A concerted display
The cars in the display reflected one of the most changeable decades in American history. From recession to war, then peace and prosperity, from Depression babies to Baby Boomers, the cars of the 1940s took citizens through the tumultuous decade full of fears, hopes and dreams. Visitors at the display experienced some of this by standing near the graceful fender lines, delightfully long hoods and distinguishing features of these cars of the 1940s. 

Did age play a part in the response of the crowd at the recent show? Yes. Little children seemed to consider all cars equal, whether new or old. The cars of the 1940s meant nothing to them. One reason: small children are still learning the meaning of time, eras and history. Another reason: they were not tall enough to distinguish many of the differences. Around age 10, visitors to the show started appreciating the old cars as different, bigger and — as some noted — classier than new cars. 

From age 10 through 15, children called the cars of the 1940s “gangster cars.” Onlookers in their 20s occasionally called the old cars “big boats” or “monster machines.” People in their 30s and 40s often said their grandparents had owned a car similar to one in the display. People in their ’50s on up recalled seeing the ’40s cars on the streets when they were younger.

The display of cars from the 1940s also promoted the virtues of preservation for unrestored cars, plus the benefits of restoration. The Packard and Pontiac were low-mile originals — not perfect, but outstanding in their authenticity and cosmetic appearance. The restored Cadillac and Oldsmobile were appreciated as touring vehicles and for their impeccable impressions. Visitors to the display were told that many good unrestored cars from the 1940s are still available, many at reasonable prices, in case they wish to enter the hobby. Several people voiced an interest to learn more.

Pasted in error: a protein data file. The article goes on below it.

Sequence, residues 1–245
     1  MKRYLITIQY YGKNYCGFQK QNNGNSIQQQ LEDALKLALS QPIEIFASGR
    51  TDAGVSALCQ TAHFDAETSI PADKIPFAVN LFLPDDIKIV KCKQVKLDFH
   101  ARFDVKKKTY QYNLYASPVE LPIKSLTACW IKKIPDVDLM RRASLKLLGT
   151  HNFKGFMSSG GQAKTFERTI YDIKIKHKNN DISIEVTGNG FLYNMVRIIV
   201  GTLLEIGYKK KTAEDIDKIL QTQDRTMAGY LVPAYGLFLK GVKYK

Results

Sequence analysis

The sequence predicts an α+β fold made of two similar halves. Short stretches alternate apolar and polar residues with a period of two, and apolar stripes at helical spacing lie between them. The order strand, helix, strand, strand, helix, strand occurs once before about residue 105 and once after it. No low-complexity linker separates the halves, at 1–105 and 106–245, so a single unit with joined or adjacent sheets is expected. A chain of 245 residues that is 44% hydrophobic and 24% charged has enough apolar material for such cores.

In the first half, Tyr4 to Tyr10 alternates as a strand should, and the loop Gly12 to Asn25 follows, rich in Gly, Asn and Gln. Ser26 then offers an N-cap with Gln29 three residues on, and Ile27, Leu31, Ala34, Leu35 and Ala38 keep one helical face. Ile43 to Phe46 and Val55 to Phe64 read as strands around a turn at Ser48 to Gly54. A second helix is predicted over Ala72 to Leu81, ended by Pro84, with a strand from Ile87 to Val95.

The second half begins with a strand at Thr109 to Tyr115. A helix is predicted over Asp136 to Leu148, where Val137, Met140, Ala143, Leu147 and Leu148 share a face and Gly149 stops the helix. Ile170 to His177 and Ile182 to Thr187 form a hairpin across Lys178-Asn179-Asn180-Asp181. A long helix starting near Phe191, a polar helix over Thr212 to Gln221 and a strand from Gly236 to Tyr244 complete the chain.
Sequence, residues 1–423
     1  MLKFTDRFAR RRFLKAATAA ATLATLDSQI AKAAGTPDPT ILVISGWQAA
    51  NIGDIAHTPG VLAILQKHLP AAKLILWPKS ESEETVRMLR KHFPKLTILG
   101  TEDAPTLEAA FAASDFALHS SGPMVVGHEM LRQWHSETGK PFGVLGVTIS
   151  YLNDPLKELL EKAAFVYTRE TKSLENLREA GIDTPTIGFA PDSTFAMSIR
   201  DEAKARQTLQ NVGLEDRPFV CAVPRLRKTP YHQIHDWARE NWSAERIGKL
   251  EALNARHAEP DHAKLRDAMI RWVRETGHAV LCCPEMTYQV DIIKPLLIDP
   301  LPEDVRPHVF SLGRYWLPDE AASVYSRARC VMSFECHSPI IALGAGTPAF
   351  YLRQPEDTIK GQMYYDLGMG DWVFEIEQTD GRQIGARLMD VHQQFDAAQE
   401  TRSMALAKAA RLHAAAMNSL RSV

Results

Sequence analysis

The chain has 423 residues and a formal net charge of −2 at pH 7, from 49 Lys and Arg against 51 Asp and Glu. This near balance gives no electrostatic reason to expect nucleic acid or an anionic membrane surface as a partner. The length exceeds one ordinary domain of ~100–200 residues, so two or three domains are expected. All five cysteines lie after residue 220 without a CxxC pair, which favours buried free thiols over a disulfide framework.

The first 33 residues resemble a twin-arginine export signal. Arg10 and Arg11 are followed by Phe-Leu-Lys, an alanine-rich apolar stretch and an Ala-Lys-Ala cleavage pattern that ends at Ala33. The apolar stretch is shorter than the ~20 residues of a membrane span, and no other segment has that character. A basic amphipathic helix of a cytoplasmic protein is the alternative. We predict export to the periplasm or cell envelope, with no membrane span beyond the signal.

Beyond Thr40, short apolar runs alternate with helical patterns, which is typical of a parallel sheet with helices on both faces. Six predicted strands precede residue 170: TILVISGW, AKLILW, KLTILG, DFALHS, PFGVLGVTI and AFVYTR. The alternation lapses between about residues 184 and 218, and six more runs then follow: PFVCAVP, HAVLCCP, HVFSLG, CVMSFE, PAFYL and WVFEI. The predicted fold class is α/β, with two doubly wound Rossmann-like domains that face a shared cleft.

The viewing public came to realize there are two types of dream cars: those that are restored to good-as-new condition and those cars that are so beautifully preserved that they reflect the outstanding craftsmanship of the era in which they were made.

During presentations by display officials, it was noted that an individual can make a great car even greater if the vehicle is pampered and protected from rust, vermin and decay — and after a good number of years, it becomes a gem with the delightful patina of the past. You can’t exactly duplicate its features, the aroma of original wool interiors, the feel of seats and the fit of body panels, plus depth of paint.

On the other hand, they were told that some cars beg for restoration to their former glory.

Truly, cars of the ’40s hold a special mystique that fascinates many car aficionados today. Because of the experience at the show, it is easy to conclude several things. Cars from the 1940s are appreciated for:

Nostalgia: For people born in the 1940s, these cars are reminders of their childhood. The same holds true for many people born in the 1950s. Younger generations like to see the “cars of their parents” or of their grandparents. 

Improvements: The 1940s were transition years marked by widespread progress. Automotively, only a small percentage of cars in 1940 used automatic transmissions. By 1949, the vast majority had the option. High-compression engines gained in popularity. Gadgets grew in appreciation, dash-mounted push-button radios being the most obvious advancement. 

Simplicity: Cars made in the 1940s are metal wonders, relatively simple to tinker into operation. Thick metal can be reworked. There is sparse use of plastic.

Honesty: If cars could be called “honest,” those made in the 1940s would quickly come to mind. These heavy cars were relatively nimble and easy to operate, straightforward in repairs, not hard to maintain and suffered through many strains and much neglect with hardly a whimper. Those are good reasons why cars of the early 1940s survived the ration years of World War II and went on to provide years of service, even to the present for collectors.

Collectible: Cars made in the 1940s provide fun motoring for car collectors and are appreciated by the public. Most are priced moderately and deliver many miles of trouble-free travel. That’s why they are the choice for tour-seekers who drive great distances.

Thanks to the following for making the display possible: Brian Sullivan, Tom Trouba, Ron and Dian Korb, Carl and Lorraine Riesinger, Don and Joan Hoelscher, R. Atkinson, R. Radel, plus Lou and Jackie Allen.